At that time Jesus went on the sabbath day (σαββασιν - plural) through the corn; and his disciples were an hungred, and began to pluck the ears of corn, and to eat. But when the Pharisees saw it, they said unto him, Behold, thy disciples do that which is not lawful to do upon the sabbath day(σαββατω - Singular). But he said unto them, Have ye not read what David did, when he was an hungred, and they that were with him; How he entered into the house of God, and did eat the shewbread, which was not lawful for him to eat, neither for them which were with him, but only for the priests? Or have ye not read in the law, how that on the sabbath days (σαββασιν - plural) the priests in the temple profane the sabbath (σαββατον - singular), and are blameless? But I say unto you, That in this place is one greater than the temple. But if ye had known what this meaneth, I will have mercy, and not sacrifice, ye would not have condemned the guiltless. For the Son of man is Lord even of the sabbath day (σαββατου - Singular). And when he was departed thence, he went into their synagogue: And, behold, there was a man which had his hand withered. And they asked him, saying, Is it lawful to heal on the sabbath days (σαββασιν - Plural)? that they might accuse him. And he said unto them, What man shall there be among you, that shall have one sheep, and if it fall into a pit on the sabbath day (σαββασιν - Plural), will he not lay hold on it, and lift it out? How much then is a man better than a sheep? Wherefore it is lawful to do well on the sabbath days (σαββασιν - Plural). (Mat 12:1-12)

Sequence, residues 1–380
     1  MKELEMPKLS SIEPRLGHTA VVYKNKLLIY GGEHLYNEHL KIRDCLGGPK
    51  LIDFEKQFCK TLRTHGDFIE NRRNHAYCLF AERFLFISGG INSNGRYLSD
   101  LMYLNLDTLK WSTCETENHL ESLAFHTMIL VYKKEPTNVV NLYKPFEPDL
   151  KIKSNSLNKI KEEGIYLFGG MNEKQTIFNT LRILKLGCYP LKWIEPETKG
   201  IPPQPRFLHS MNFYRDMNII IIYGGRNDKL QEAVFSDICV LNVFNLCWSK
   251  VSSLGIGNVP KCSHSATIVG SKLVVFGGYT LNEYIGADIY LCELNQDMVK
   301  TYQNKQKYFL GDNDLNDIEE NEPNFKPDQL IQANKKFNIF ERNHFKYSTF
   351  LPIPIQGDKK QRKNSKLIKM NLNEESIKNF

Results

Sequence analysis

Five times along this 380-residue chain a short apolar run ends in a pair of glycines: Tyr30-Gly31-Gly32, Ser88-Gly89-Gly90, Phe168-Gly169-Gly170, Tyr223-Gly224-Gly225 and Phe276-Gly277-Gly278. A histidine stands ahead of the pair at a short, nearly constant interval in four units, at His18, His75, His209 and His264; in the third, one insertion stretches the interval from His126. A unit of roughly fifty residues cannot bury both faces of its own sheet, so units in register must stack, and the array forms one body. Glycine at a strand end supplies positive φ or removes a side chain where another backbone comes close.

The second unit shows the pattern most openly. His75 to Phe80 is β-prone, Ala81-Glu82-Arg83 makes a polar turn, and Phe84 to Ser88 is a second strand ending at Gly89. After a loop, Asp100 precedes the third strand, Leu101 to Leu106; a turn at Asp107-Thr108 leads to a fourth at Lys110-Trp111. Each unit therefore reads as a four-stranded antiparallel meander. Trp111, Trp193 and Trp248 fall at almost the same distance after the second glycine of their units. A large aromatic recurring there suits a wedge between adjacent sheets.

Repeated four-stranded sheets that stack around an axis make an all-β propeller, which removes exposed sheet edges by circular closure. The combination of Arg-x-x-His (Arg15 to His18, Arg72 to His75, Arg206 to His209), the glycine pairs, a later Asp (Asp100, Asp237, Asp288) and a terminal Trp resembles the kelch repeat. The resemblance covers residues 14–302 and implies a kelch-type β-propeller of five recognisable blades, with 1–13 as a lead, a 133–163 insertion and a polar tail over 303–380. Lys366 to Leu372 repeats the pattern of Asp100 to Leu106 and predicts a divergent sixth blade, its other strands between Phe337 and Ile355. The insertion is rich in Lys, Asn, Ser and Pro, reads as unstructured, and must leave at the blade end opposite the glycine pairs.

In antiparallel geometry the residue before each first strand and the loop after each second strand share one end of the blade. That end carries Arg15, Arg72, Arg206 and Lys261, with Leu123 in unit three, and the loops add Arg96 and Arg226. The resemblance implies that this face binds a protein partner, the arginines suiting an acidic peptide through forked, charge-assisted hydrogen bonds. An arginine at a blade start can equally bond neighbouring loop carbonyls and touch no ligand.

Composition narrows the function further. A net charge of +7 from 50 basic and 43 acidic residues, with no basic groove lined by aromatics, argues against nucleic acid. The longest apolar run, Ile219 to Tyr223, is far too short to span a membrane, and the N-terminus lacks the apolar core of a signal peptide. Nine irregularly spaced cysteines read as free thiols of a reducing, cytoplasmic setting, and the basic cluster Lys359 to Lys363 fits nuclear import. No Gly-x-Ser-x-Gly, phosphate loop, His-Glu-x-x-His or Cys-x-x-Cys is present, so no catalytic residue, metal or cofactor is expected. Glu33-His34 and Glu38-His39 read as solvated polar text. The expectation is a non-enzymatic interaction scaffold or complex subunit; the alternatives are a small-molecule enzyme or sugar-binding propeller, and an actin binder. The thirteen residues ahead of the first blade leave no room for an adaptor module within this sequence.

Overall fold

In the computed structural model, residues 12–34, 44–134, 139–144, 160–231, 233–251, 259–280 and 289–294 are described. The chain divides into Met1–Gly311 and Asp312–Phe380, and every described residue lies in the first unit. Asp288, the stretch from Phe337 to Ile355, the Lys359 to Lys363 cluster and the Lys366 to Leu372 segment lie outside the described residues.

In most cases above the plurals are translated as Sabbath days, and it makes sense that it then means on these Sabbath days "Priests profane the sabbath", "is it lawful to heal" or "to do well", but why in the Greek is the plural form used for the first occurrence (when it is a Specific Sabbath day Jesus is walking in the cornfield)?

The second last occurrence makes sense as a general rule (animals falling into pits sabbath days) but I wonder why it is translated singular in almost all Translations except the Berean and Young's Literal Translations. The first occurrence is strange though because it clearly is a specific day - the seventh.

More examples:

But pray ye that your flight be not in the winter, neither on the sabbath day(plural) (Mat 24:20)

In the end of the sabbath (plural), as it began to dawn toward the first day of the week, came Mary Magdalene and the other Mary to see the sepulchre. (Mat 28:1)

And they went into Capernaum; and straightway on the sabbath day (plural) he entered into the synagogue, and taught. (Mar 1:21)

And now when the even was come, because it was the preparation, that is, the day before the sabbath (plural), (Mar 15:42)

And he came to Nazareth, where he had been brought up: and, as his custom was, he went into the synagogue on the sabbath day (plural), and stood up for to read. (Luk 4:16)

And he was teaching in one of the synagogues on the sabbath (plural). (Luk 13:10)

And they returned, and prepared spices and ointments; and rested the sabbath day (plural) according to the commandment.(Luk 23:56)

And immediately the man was made whole, and took up his bed, and walked: and on the same day was the sabbath (plural). The Jews therefore said unto him that was cured, It is the sabbath day (plural): it is not lawful for thee to carry thy bed. (Joh 5:9-10)

But when they departed from Perga, they came to Antioch in Pisidia, and went into the synagogue on the sabbath day (plural), and sat down. (Act 13:14)

And on the sabbath (plural) we went out of the city by a river side, where prayer was wont to be made; and we sat down, and spake unto the women which resorted thither. (Act 16:13)

  • The last two passages are in the Vulgate partitive genitive nouns(one of the sabbaths, i.e. a sabbath). – user21676 Sep 29 '20 at 10:23
  • Excellent question that I had not noticed before. Even when it occurs in the same phrase the number of the noun changes, eg, first day of the week (sabbath) – Dottard Sep 29 '20 at 12:03
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    Additional Research : british-israel.ca/SabbathPlural.htm – חִידָה Sep 29 '20 at 14:34